Copyright

Acetanilide: Formula, Resonance & Derivatives

An error occurred trying to load this video.

Try refreshing the page, or contact customer support.

Coming up next: Acetogenins: Definition & Sources

You're on a roll. Keep up the good work!

Take Quiz Watch Next Lesson
 Replay
Your next lesson will play in 10 seconds
  • 0:04 Acetanilide
  • 0:50 Structure & Chemical Formula
  • 1:56 Resonance Structures
  • 3:08 Derivatives
  • 3:57 Lesson Summary
Save Save Save

Want to watch this again later?

Log in or sign up to add this lesson to a Custom Course.

Log in or Sign up

Timeline
Autoplay
Autoplay
Speed Speed

Recommended Lessons and Courses for You

Lesson Transcript
Instructor: Korry Barnes

Korry has a Ph.D. in organic chemistry and teaches college chemistry courses.

The primary focus of this lesson will be on a specific organic compound known as acetanilide. Our points of discussion regarding the molecule will be its chemical formula, resonance structures, and important derivatives.

Acetanilide

When you have a headache or muscle soreness what do you typically use to help make you feel better? Do you reach for Aleve, aspirin, or maybe Tylenol? There certainly are a lot of choices out there for over-the-counter pain management and most likely you have a particular option that works best for you and your needs.

Did you know that there's a pain medication that used to be quite common but is no longer in use? As it so happens, it's the main topic of our lesson today.

It's called acetanilide and although it used to be a commonly prescribed medication for light pain management, it quickly lost its allure among medical professionals after some serious toxicity concerns began to arise. Today, we're going to be talking about acetanilide in terms of its chemical formula, resonance structures, and some of its important derivatives. Let's get started!

Structure & Chemical Formula

Acetanilide is an organic chemical compound (meaning it's composed of carbon and hydrogen mostly) that is classified as an amide in terms of its functional group. This means that it has the carbonyl group (carbon-oxygen double bond) bonded directly to a nitrogen atom. It also contains an aromatic ring, which is a ring composed of six carbon atoms and an alternating double-single-double-single bonding pattern all around the ring.


Acetanilide is an organic compound that contains an amide functional group and an aromatic ring
null


Acetanilide only contains four types of atoms, which include carbon, hydrogen, nitrogen, and oxygen. It's chemical formula tends to be written as C6 H5 NHCOCH3. The reason it's written that way is to help signify the different portions of the molecule. For instance, the C6 H5 portion of the chemical formula represents the aromatic ring, and the NHCOCH3 piece represents the amide functional group.

A lot of times, it's helpful to break molecules up into parts in order to simplify them. It's kind of like taking what looks like a complex math problem. Although you may think it's impossible to solve, once you break it down into simpler portions it begins to make more sense and is not so intimidating.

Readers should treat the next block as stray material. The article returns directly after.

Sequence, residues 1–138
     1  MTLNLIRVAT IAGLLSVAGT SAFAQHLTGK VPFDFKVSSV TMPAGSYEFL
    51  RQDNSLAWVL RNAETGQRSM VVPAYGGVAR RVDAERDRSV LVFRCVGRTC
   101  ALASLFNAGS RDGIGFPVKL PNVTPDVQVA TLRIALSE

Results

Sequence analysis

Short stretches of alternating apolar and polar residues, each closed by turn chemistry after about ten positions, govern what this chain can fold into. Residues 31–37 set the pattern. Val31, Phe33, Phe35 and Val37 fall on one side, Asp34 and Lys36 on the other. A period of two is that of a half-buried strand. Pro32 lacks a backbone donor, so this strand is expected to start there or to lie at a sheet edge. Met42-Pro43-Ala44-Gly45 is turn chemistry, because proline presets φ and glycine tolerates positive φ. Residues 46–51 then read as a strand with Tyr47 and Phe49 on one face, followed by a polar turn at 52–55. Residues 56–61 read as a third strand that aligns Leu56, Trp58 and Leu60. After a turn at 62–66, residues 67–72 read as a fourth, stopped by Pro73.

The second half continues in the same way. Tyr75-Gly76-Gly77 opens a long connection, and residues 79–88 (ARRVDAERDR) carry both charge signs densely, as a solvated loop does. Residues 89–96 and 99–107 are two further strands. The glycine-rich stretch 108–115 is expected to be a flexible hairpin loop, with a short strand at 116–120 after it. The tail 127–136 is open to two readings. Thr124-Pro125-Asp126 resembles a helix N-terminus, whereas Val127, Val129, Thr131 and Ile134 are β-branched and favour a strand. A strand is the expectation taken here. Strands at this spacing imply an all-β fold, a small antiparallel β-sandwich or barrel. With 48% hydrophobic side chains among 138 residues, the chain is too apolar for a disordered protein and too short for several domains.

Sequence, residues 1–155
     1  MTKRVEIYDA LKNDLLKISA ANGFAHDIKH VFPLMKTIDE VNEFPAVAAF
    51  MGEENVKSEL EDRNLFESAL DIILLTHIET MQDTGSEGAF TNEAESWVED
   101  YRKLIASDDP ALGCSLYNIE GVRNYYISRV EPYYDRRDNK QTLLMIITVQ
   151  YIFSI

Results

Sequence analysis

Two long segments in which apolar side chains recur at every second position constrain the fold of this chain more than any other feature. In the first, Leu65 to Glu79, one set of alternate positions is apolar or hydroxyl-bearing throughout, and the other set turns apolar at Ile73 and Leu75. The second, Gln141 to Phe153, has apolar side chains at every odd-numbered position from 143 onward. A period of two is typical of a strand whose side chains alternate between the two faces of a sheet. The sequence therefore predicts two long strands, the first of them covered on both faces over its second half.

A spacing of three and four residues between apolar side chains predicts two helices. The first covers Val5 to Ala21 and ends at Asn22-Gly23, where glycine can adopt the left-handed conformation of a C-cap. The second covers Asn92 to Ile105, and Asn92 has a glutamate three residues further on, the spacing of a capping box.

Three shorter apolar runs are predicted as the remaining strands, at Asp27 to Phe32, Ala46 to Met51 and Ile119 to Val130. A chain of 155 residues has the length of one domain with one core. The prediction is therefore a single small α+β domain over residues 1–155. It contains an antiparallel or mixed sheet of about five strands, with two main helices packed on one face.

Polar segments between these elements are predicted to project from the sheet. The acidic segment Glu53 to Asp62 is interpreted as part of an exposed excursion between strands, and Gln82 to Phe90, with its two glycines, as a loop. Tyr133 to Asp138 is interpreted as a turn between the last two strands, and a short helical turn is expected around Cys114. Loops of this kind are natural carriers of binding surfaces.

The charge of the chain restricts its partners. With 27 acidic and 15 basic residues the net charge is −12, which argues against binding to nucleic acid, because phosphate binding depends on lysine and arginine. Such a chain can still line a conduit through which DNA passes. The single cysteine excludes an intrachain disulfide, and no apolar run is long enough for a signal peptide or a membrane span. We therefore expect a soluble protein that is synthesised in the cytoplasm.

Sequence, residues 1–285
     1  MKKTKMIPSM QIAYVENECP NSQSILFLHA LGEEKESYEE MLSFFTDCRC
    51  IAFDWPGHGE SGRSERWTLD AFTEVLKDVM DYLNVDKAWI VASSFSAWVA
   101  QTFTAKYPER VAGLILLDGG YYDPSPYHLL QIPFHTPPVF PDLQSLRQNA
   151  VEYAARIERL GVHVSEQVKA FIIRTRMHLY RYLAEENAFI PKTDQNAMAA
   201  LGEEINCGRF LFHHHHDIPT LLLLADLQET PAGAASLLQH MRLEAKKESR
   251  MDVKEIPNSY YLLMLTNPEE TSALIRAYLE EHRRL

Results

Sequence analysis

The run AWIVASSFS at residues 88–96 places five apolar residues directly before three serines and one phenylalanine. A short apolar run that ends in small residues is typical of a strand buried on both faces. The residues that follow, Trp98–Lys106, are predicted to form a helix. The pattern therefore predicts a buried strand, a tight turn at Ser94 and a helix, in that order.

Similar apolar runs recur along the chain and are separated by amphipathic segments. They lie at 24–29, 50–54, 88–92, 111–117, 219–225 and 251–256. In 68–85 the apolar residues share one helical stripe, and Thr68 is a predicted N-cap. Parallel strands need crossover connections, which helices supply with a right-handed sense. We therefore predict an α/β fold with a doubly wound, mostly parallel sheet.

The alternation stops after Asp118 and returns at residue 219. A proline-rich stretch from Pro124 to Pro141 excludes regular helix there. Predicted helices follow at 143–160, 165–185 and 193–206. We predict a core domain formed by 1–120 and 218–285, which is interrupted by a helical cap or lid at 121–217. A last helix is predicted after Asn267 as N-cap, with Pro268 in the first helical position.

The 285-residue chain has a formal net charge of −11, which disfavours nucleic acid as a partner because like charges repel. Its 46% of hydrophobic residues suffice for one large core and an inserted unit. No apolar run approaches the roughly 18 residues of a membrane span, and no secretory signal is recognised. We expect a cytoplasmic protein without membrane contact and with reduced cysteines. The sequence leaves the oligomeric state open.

Resonance Structures

It turns out that acetanilide's structure can be represented by either of two structures, which are related to each other by resonance. Resonance structures are different representations of the same molecule, due to the arrangement of bonds and electrons. The first structure of acetanilide is exactly like the one we saw previously, but notice how the second is different.


Acetanilide can be represented by either of two resonance structures
null


In the second resonance structure, notice that the lone pair of electrons that was on the nitrogen atom are gone, and there is a negative charge on the oxygen atom. Also, there is now a double bond between nitrogen and the carbon atom of the carbonyl group. This is a very nice example of how resonance works. We haven't changed anything about the molecule's identity, just the way the bonds are distributed between the atoms.

To unlock this lesson you must be a Study.com Member.
Create your account

Register to view this lesson

Are you a student or a teacher?

Unlock Your Education

See for yourself why 30 million people use Study.com

Become a Study.com member and start learning now.
Become a Member  Back
What teachers are saying about Study.com
Try it risk-free for 30 days

Earning College Credit

Did you know… We have over 200 college courses that prepare you to earn credit by exam that is accepted by over 1,500 colleges and universities. You can test out of the first two years of college and save thousands off your degree. Anyone can earn credit-by-exam regardless of age or education level.

To learn more, visit our Earning Credit Page

Transferring credit to the school of your choice

Not sure what college you want to attend yet? Study.com has thousands of articles about every imaginable degree, area of study and career path that can help you find the school that's right for you.

Create an account to start this course today
Try it risk-free for 30 days!
Create an account
Support